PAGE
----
Howard Field, hospitality icon and industry stalwart, speaks to FM Recruitment to share the story of his life-long career in hospitality, what inspires him most about the industry and what advice he’d offer someone just beginning their professional journey.
With a career in the hospitality industry spanning over 55 years, Howard’s first major appointment was as Finance Controller for the Royal Garden Hotel, London. He progressed to top financial roles with multiple hospitality companies – including the Carlton Tower, Commonwealth Holiday Inns of Canada’s European division, and The Savoy Group (now the Maybourne Hotel Group), and as an industry consultant. In these roles, he experienced first -hand, the challenge of sourcing and hiring good finance professionals which led him to found London-based FM Recruitment, specialists in financial recruitment for the international hospitality industry, in 1985.
In addition to his consultancy and advisory activities, he currently serves as Chair of the Savoy Educational Trust, and is a Visiting Fellow of Oxford Brookes University. He has been for many years been a mentor for undergraduates and masters students.
Howard is the author of guides to a number of finance-focused reference books for the industry. His best-known work is A Practical Guide to the Uniform System of Accounts for the Hospitality Industry.
Howard was a founding member and a HOSPA Lifetime Achievement Award winner, and also the recipient of top US 2012 Paragon Award for significant and lasting contribution to US-based HFTP and the Hospitality Industry worldwide.
In conversation with Howard Field
- How did you get into Hospitality Finance? Originally by chance, having completed my chartered accountancy professional exams, and being assigned to assist at what was the newly opened Royal Garden Hotel while awaiting the results. I was offered a position there. Having almost accepted an offer for my next position with a manufacturing company, I saw an advert for a position at the Carlton Tower – and from then my whole career has been within the hospitality industry.
- What are the most important aspects of financial roles in hospitality and how has the role evolved over the years? Perhaps the key consideration is that it is a fast moving, people-centred industry, where the finance function has to balance control with supporting operations to provide consistent standards, as well as profitably. Hotels are capital intensive businesses to own, and need to operate at high levels of occupancy and efficiency to meet their commercial goals. From the control aspects, hotels are 24/7 operations, and systems and information flows require financial managers to understand the business dynamics and be capable of contributing at senior management level. The greatest change that has occurred over the years is the separation of property ownership, brands and management, and the need for financial managers to understand and deal with the resulting complexities.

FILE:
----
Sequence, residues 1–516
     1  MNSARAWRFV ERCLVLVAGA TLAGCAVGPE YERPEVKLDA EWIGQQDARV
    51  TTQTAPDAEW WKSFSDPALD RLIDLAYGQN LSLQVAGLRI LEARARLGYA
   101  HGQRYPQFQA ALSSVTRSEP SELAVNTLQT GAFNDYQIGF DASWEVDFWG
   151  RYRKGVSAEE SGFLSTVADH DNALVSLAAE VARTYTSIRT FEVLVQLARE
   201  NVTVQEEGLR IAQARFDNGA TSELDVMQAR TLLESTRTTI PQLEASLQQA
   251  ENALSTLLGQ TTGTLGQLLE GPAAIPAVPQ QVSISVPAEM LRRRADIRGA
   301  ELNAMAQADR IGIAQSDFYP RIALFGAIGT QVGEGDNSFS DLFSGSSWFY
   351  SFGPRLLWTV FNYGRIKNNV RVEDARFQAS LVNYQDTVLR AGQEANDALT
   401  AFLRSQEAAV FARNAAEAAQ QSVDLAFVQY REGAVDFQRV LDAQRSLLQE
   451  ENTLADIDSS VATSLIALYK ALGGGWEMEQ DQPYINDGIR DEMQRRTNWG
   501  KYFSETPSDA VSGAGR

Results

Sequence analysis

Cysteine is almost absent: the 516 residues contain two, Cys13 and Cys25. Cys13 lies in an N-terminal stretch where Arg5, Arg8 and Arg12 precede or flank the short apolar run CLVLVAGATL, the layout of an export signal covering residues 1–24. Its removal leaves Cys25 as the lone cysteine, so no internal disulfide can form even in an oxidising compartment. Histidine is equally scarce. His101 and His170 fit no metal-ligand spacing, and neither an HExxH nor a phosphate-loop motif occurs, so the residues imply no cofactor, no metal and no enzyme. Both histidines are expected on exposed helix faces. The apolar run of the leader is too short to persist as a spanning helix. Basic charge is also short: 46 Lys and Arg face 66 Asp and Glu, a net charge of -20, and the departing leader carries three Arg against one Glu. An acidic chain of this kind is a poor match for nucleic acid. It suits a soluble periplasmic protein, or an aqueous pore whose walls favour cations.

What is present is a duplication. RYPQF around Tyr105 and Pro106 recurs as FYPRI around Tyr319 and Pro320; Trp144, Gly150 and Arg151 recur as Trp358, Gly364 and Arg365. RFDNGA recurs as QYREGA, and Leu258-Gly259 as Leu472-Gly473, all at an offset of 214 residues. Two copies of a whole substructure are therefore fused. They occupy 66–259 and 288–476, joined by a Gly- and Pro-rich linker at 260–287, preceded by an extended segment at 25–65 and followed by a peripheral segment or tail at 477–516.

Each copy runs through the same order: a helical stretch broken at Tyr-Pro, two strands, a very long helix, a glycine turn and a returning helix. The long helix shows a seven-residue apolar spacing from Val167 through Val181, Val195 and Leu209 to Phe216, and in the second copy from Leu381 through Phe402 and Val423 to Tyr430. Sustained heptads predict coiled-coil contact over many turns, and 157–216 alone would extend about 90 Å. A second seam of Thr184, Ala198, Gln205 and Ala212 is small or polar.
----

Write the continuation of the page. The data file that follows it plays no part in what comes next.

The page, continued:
- What do you consider your biggest achievement so far and why? Establishing the first professional recruitment service focused on financial and related management functions within the hotel industry – that is still flourishing 36 years later is certainly the highlight. You say ‘so far’; I feel privileged having the opportunity to continue contributing to the industry in other ways after so many years.
- What advice would you give to someone who is just starting their career in the industry? Seek advice from experienced professionals at all stages, including from recruiters, to be aware of how the industry and career opportunities are constantly changing; network; and if possible, connect with one or two mentors on the various programmes available to support career development.
- What are the biggest opportunities in the hospitality industry as it recovers from the pandemic? Perhaps ‘challenges’ would be more appropriate than ‘opportunities’. Many historic standards and performance measures will no longer be appropriate as the industry re-awakens and markets re-open. More than ever, working smarter, recognising and minimising risks and exploiting opportunities will mean being having to be constantly creative.
- What would have been your Plan B? I have thoroughly enjoyed (and still do) my career in the hospitality industry that has encompassed many aspects, made me many friends, and spanned a period during which there have been so many fundament changes. It evolved without a clear plan, and I am not sure that I would want to have changed anything.
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